|US5166524 *||Jun 28, 1991||Nov 24, 1992||E. I. Du Pont De Nemours & Company||Element, device and associated method for capturing a latent radiographic image|
|US5168160 *||Jun 28, 1991||Dec 1, 1992||E. I. Du Pont De Nemours And Company||Method and apparatus for acquiring an electrical signal representing a radiographic image|
|US5268569 *||Dec 31, 1992||Dec 7, 1993||Minnesota Mining And Manufacturing Company||Imaging system having optimized electrode geometry and processing|
|US5313066 *||Apr 7, 1993||May 17, 1994||E. I. Du Pont De Nemours And Company||Electronic method and apparatus for acquiring an X-ray image|
|US5319206 *||Dec 16, 1992||Jun 7, 1994||E. I. Du Pont De Nemours And Company||Method and apparatus for acquiring an X-ray image using a solid state device|
|US5331179 *||Apr 7, 1993||Jul 19, 1994||E. I. Du Pont De Nemours And Company||Method and apparatus for acquiring an X-ray image using a thin film transistor array|
|US5332893 *||Jul 22, 1992||Jul 26, 1994||Minnesota Mining And Manufacturing Company||Imaging system and device having a simplified electrode design|
|US5381014 *||Dec 29, 1993||Jan 10, 1995||E. I. Du Pont De Nemours And Company||Large area X-ray imager and method of fabrication|
|US5440146 *||Mar 31, 1994||Aug 8, 1995||Minnesota Mining And Manufacturing Company||Radiographic image reader|
|US5498880 *||Jan 12, 1995||Mar 12, 1996||E. I. Du Pont De Nemours And Company||Image capture panel using a solid state device|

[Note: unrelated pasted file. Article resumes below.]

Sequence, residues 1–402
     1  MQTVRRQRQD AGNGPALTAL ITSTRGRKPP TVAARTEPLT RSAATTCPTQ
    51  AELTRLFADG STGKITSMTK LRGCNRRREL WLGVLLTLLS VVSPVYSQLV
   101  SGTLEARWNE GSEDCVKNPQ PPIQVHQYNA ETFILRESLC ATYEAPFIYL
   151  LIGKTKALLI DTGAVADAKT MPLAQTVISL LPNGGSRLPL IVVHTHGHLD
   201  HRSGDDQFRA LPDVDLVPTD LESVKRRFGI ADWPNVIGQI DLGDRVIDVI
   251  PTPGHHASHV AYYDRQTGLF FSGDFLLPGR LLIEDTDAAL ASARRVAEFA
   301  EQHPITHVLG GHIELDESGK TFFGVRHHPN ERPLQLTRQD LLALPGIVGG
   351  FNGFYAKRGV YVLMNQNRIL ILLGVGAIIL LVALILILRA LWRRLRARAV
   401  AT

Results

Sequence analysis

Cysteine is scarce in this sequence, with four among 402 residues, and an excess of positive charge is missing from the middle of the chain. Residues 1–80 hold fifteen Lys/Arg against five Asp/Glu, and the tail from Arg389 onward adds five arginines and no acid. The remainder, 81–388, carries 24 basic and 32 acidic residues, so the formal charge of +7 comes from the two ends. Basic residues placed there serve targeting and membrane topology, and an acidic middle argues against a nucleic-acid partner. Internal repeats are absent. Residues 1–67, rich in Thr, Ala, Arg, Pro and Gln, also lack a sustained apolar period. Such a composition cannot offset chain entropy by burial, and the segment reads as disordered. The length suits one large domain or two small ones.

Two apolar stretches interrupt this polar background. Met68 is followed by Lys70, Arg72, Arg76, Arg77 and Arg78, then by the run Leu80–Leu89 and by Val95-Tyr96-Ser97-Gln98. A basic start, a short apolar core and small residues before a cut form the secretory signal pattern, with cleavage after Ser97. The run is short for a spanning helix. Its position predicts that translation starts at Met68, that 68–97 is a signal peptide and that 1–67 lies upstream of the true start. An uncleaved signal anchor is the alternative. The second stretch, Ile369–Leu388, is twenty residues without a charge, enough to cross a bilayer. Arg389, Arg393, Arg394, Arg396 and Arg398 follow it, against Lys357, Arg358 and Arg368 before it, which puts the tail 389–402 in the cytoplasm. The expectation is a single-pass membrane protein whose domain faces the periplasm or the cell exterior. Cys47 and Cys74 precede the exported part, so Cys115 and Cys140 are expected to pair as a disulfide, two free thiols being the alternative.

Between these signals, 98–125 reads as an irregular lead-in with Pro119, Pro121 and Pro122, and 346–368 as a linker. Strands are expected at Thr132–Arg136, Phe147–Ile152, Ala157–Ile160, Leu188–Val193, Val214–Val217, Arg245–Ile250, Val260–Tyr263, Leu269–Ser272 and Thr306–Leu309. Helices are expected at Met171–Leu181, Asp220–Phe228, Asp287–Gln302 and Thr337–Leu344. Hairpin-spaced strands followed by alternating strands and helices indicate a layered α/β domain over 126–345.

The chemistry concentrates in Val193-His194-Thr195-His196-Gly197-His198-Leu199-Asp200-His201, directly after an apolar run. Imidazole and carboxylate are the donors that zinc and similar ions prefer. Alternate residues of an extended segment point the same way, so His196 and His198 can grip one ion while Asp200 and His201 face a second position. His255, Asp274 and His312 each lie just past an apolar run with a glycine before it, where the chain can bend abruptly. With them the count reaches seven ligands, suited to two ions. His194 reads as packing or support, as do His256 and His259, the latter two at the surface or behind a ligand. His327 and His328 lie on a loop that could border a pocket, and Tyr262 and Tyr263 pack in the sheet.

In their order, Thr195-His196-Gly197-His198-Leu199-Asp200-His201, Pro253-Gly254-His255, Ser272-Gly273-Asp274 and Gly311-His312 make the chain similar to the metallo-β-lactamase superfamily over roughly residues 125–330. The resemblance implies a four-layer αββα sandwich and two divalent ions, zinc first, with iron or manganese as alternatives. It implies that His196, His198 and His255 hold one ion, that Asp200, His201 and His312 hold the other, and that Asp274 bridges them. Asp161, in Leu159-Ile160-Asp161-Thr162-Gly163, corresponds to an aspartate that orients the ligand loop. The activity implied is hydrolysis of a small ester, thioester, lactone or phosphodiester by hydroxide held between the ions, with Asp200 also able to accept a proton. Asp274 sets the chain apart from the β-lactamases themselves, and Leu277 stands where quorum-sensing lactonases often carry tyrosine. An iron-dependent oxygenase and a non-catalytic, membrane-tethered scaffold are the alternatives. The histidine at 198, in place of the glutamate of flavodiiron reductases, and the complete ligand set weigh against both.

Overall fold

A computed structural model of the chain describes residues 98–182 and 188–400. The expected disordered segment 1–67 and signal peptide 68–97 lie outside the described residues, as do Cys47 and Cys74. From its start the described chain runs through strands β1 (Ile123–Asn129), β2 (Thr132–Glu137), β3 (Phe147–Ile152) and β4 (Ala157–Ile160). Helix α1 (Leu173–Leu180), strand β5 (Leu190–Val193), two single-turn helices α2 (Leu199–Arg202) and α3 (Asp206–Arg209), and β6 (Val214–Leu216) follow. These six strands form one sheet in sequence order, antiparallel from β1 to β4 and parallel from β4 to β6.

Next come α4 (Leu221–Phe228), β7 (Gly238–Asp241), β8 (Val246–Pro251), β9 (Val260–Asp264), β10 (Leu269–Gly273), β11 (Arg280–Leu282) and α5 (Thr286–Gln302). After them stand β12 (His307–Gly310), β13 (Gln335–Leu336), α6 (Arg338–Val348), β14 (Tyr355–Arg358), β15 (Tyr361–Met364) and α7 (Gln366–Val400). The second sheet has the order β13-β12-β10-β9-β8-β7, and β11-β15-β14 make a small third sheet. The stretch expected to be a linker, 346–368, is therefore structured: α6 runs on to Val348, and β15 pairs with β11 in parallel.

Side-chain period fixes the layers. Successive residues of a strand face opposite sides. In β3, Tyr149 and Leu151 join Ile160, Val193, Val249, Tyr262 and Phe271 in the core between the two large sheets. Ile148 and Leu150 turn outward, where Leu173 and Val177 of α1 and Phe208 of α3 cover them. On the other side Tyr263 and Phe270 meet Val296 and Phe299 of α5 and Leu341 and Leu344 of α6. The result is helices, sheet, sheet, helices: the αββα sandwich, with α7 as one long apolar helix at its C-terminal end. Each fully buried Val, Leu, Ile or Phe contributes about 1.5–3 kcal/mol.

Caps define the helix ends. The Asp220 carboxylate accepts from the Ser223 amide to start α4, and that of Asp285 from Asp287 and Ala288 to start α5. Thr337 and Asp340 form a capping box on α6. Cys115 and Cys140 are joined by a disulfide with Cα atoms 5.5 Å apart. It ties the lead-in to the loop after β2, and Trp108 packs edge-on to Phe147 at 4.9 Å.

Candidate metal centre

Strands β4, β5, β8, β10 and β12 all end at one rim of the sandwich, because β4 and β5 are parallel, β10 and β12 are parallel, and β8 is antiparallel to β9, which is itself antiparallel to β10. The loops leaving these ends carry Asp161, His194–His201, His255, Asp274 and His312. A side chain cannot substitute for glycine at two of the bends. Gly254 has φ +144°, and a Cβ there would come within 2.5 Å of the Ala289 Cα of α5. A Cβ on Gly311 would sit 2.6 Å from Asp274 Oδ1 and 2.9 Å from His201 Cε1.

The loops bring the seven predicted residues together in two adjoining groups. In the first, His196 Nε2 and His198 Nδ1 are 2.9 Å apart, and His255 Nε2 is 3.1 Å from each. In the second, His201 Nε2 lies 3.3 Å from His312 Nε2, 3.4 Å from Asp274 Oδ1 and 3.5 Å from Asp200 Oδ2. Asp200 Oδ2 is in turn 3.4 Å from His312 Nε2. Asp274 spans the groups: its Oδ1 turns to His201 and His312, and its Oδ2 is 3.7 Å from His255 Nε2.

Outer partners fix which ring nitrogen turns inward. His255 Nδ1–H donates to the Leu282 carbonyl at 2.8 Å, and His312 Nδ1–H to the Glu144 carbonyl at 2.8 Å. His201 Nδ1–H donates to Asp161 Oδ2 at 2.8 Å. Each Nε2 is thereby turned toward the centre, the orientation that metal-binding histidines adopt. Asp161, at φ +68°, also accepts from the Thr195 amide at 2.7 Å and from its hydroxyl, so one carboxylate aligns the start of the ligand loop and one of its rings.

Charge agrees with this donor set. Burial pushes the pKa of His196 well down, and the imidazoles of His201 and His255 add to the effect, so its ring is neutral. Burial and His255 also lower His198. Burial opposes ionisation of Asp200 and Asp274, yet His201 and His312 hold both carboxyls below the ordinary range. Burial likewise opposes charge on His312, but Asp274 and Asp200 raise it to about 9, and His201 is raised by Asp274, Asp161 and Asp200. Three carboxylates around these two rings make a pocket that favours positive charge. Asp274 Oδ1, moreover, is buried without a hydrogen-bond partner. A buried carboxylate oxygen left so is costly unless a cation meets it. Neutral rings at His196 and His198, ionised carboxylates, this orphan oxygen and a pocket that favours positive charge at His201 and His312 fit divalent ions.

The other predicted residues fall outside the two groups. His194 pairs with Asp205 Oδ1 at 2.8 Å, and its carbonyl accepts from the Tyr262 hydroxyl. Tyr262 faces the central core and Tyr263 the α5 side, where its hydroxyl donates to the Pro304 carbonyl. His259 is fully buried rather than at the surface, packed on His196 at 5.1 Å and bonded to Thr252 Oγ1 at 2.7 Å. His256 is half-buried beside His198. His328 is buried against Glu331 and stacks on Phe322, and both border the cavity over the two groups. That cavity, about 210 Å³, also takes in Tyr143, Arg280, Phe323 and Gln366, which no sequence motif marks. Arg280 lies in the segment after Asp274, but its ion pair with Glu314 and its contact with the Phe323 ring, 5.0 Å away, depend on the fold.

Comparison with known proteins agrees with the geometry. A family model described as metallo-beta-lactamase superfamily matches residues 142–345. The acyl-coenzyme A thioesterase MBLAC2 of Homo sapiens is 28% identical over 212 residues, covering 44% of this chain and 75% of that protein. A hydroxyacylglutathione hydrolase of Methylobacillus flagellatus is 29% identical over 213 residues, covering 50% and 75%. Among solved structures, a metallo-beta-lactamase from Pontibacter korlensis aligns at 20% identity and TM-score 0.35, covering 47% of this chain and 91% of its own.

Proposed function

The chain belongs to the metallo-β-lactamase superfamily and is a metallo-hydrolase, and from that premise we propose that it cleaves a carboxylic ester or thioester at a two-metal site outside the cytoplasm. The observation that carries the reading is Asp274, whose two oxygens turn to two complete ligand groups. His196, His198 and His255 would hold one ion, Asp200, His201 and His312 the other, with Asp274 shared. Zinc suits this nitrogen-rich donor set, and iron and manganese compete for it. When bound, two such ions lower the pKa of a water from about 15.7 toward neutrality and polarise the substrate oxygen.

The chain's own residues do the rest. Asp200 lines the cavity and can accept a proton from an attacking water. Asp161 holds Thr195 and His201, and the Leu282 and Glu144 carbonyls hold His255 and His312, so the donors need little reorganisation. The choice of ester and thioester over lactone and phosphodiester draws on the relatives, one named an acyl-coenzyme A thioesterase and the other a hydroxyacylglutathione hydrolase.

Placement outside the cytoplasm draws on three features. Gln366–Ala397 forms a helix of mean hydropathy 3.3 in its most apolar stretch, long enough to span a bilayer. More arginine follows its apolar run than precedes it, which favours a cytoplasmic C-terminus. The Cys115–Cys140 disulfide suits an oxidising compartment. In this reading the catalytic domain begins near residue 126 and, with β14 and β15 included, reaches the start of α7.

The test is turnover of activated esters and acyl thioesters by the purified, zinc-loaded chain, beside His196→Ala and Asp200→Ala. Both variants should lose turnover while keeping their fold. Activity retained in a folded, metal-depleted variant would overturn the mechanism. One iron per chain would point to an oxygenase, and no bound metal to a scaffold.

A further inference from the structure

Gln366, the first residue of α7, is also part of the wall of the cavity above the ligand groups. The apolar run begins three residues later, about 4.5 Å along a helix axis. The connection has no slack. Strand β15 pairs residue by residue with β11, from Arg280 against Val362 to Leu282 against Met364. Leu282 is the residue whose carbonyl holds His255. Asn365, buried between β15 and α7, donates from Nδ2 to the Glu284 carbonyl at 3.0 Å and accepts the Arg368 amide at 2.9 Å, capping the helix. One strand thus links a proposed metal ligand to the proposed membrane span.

|US5508507 *||Jul 13, 1995||Apr 16, 1996||Minnesota Mining And Manufacturing Company||Imaging system employing effective electrode geometry and processing|
|US5650626 *||Jul 16, 1996||Jul 22, 1997||Eastman Kodak Company||X-ray imaging detector with thickness and composition limited substrate|
|US5661309 *||Dec 23, 1992||Aug 26, 1997||Sterling Diagnostic Imaging, Inc.||Electronic cassette for recording X-ray images|
|US5753921 *||Jul 16, 1996||May 19, 1998||Eastman Kodak Company||X-ray imaging detector with limited substrate and converter|
|US5841141 *||Jun 3, 1997||Nov 24, 1998||The University Of Utah||Image reconstruction from V-projections acquired by Compton camera|
|US5847323 *||Apr 2, 1996||Dec 8, 1998||The Regents Of The University Of California Office Of Technology Transfer||High conductance surge cable|
|US5861627 *||Jun 24, 1997||Jan 19, 1999||The University Of Utah||Image reconstruction for compton camera including spherical harmonics|
|US5994713 *||Jul 25, 1997||Nov 30, 1999||Quantum Imaging Corp.||Filmless photon imaging apparatus|
|US6501089||Aug 21, 2000||Dec 31, 2002||Fuji Photo Film Co., Ltd.||Image detector, fabrication method thereof, image recording method, image recorder, image reading method, and image reader|
|US6878957||Jul 9, 2002||Apr 12, 2005||Fuji Photo Film Co., Ltd.||Image detector and fabricating method of the same, image recording method and retrieving method, and image recording apparatus and retrieving apparatus|
|US7067787||Dec 14, 2005||Jun 27, 2006||Fuji Photo Film Co., Ltd.||Solid state detector and method of manufacturing same|
|US7071454||Dec 14, 2005||Jul 4, 2006||Fuji Photo Film Co., Ltd.||Solid state detector and method of manufacturing same|